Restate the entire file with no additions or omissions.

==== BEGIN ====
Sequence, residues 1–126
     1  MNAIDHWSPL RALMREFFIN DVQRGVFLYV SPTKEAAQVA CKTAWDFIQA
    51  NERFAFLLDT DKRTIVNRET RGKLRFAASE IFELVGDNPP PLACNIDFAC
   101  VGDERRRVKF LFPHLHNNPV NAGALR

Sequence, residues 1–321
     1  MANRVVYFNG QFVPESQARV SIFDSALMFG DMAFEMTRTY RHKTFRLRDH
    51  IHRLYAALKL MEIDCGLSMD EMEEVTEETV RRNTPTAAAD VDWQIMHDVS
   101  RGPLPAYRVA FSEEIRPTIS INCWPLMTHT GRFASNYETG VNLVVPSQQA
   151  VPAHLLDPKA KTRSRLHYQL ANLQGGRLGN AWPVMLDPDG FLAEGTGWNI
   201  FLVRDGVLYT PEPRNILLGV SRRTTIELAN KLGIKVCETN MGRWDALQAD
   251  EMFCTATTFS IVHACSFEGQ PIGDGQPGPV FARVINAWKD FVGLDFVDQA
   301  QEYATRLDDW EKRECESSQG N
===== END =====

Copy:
Sequence, residues 1–126
     1  MNAIDHWSPL RALMREFFIN DVQRGVFLYV SPTKEAAQVA CKTAWDFIQA
    51  NERFAFLLDT DKRTIVNRET RGKLRFAASE IFELVGDNPP PLACNIDFAC
   101  VGDERRRVKF LFPHLHNNPV NAGALR

Sequence, residues 1–321
     1  MANRVVYFNG QFVPESQARV SIFDSALMFG DMAFEMTRTY RHKTFRLRDH
    51  IHRLYAALKL MEIDCGLSMD EMEEVTEETV RRNTPTAAAD VDWQIMHDVS
   101  RGPLPAYRVA FSEEIRPTIS INCWPLMTHT GRFASNYETG VNLVVPSQQA
   151  VPAHLLDPKA KTRSRLHYQL ANLQGGRLGN AWPVMLDPDG FLAEGTGWNI
   201  FLVRDGVLYT PEPRNILLGV SRRTTIELAN KLGIKVCETN MGRWDALQAD
   251  EMFCTATTFS IVHACSFEGQ PIGDGQPGPV FARVINAWKD FVGLDFVDQA
   301  QEYATRLDDW EKRECESSQG N